We’re drinking coffee in bed. It’s earlier than usual. I have a busy day ahead.
“What are you talking about?” I ask.
“You must have been having a nightmare. All I know is you were flailing around and mumbling and then you punched me.”
I imagine I’m looking at him in horror. Or bewilderment.
“You’re kidding me, right?”
He shakes his head no. His expression tells me he’s serious.
It’s been smooth sailing from Day One, to my amazement. I hadn’t been on the romance racetrack in several years – of necessity. My sons were the priority, as was earning a living. It was a decision about time and timing – the time to invest in meeting people, the time to doll myself up and go out, the time to devote to getting to know someone. Truly know someone.
I was waiting for my boys to become independent enough for me to loosen the reins.
There was a chance meeting, an immediate spark, an unlikely set of experiences in common and, from the beginning – a foundation of values that mesh.
And there’s laughter. So much laughter.
But last night, I picked a fight.
It was a small disagreement over pots and pans and spatulas, and I could feel my annoyance building until it bubbled over when I was searching for dishes and lids. Of course my real issue had nothing to do with the extra minutes to pull over a step stool and scan shelves or rummage through containers.
An hour later I sorted through the feelings that set me off, and I broached the subject gingerly and with a sincere apology. Naturally, my irritation had little to do with reorganized kitchen cabinets. It has everything to do with time, money, and a passel of worries that cannot be dissipated by sharing a meal and conversation – even in the loveliest of blossoming relationships.
It has everything to do with this new rhythm, togetherness with its inevitable demands, and what it’s costing me – despite all the pleasure that it’s giving me.
That it’s giving us.
I’m used to putting in extremely long days, every day, and it’s especially important when looking for work. There’s researching, drafting, editing and pitching; there’s time spent networking, and responding to requests for bids or filling out applications. There’s writing daily, here, and when looking for projects, this last is a painfully restricted amount of time.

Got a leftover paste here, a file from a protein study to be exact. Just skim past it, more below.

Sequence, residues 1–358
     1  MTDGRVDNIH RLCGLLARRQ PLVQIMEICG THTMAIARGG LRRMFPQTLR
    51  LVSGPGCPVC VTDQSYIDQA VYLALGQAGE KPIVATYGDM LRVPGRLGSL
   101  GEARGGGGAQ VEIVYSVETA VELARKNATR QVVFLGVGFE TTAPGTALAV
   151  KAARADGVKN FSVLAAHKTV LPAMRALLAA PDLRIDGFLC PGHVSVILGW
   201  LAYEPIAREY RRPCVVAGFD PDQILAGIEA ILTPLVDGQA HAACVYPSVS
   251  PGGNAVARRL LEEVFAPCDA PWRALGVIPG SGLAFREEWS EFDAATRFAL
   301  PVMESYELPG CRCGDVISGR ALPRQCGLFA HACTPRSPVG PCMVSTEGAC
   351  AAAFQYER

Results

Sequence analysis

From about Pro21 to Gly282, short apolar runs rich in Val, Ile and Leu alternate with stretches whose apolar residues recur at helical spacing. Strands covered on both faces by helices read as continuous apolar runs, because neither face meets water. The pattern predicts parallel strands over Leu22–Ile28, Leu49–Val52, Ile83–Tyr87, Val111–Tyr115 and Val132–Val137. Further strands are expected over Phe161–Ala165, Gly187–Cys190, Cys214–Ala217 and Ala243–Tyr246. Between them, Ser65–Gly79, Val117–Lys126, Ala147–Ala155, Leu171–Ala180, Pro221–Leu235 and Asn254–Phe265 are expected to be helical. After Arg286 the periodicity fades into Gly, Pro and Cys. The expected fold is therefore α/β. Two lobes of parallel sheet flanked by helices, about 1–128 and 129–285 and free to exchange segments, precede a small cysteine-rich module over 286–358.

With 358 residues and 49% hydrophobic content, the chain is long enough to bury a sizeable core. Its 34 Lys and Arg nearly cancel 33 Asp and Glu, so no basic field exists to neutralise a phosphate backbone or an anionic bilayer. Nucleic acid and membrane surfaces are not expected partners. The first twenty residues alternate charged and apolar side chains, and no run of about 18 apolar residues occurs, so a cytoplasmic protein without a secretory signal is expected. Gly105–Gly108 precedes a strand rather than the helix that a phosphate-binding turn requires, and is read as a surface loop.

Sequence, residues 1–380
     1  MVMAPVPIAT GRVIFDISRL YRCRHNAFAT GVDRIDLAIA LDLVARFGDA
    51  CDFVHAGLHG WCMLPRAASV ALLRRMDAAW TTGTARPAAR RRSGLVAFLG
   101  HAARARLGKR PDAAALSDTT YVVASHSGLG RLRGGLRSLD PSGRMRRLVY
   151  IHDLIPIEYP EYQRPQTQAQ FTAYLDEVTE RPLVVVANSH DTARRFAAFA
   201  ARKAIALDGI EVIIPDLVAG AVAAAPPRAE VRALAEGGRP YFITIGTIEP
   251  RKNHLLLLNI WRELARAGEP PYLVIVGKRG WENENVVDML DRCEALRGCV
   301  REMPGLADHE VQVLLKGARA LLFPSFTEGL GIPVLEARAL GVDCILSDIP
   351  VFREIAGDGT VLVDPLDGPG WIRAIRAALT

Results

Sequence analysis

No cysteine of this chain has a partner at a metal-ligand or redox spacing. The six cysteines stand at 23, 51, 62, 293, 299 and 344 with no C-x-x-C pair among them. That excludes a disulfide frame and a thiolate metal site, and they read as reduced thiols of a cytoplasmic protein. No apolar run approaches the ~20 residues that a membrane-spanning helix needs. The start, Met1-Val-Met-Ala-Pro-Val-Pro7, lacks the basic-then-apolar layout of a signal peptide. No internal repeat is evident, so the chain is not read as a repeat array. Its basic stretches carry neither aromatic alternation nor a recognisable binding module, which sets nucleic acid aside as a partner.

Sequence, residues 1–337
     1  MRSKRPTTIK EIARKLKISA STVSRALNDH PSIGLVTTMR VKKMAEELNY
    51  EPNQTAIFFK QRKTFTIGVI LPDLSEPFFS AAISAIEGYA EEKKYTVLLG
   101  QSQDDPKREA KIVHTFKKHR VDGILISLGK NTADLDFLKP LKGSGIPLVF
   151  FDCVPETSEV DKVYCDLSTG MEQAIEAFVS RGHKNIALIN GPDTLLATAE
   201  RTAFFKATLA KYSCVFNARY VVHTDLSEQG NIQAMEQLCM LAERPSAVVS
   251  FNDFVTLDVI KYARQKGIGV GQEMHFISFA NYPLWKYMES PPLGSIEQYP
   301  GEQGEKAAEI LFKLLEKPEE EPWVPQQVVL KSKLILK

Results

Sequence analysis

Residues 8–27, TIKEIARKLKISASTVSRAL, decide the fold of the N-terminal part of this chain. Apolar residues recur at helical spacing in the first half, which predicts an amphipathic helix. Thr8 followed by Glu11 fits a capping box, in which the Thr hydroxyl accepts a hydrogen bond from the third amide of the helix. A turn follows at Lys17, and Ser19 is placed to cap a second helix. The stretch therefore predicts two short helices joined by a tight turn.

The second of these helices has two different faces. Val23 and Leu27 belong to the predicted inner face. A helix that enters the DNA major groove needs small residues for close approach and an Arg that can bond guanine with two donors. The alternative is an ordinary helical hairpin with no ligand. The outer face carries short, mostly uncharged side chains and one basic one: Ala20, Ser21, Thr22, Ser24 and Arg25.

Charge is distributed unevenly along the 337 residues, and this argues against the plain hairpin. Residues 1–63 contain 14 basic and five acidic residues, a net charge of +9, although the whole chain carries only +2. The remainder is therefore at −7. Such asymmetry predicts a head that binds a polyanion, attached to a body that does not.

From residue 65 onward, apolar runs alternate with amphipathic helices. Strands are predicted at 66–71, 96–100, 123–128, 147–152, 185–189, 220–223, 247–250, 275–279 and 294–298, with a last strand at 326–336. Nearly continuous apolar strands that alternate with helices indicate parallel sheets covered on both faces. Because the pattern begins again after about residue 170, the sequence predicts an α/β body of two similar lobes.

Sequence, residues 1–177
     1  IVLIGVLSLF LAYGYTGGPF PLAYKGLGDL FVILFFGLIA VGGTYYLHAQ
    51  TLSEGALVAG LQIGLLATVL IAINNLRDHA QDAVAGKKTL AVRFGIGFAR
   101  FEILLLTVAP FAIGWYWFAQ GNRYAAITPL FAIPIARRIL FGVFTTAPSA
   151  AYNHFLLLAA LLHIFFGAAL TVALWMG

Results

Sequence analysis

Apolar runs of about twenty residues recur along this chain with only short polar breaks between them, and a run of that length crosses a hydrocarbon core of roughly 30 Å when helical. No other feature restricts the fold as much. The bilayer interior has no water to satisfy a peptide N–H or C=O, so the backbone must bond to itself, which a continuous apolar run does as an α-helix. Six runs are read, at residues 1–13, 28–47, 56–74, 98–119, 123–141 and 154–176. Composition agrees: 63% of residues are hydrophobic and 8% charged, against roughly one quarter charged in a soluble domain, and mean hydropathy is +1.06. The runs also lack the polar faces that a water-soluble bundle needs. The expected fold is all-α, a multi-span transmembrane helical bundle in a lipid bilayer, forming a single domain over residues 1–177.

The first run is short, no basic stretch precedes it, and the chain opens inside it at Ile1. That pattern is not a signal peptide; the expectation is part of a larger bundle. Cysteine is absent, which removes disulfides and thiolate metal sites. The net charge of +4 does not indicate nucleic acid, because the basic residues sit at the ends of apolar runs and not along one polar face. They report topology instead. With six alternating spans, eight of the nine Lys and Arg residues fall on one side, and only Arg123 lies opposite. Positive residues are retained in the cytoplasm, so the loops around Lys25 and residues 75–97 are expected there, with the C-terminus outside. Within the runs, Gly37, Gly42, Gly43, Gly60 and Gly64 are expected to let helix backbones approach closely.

12-hour days? 14-hour days?
That’s nothing new around here, or for many single mothers and in particular, solo parents who can’t afford help. And it’s hardly a schedule that accommodates romance.
Then there’s my son – the one who is still knocking around the house, and our shared task list to do with promissory notes and plane tickets, planning for college and hacking away at the budget to deal with all of this. There’s my own inability to articulate what I’m feeling – as I both deny and accept wholesale changes on the horizon.
Apparently we pick fights out of resentment, out of depression, and out of fear.
For me, surely this is fear.
Fear that this delicious “whatever” will disappear. Fear that it will continue, and my dreams will be set aside as a result. Fear that it will become something I no longer want. Fear that I can’t possibly devote the time to a relationship that I would like, and then “we” will become something he doesn’t want.
One more fear?
The writer’s life – the way I live it – has become so ingrained in me that I will feel conflict over the hours of each day that I’m not writing, and instead, spending with him.
And now there’s the nightmare that I have absolutely no recollection of, and that in itself is an oddity for me. I wonder what scenario caused me to thrash about, ball my hand into a fist, and apparently strike; I can only hope, in some defensive posturing.
What was being taken from me? What was being threatened? Why do we stir things up over something silly, and only later come to know that it was something else entirely?
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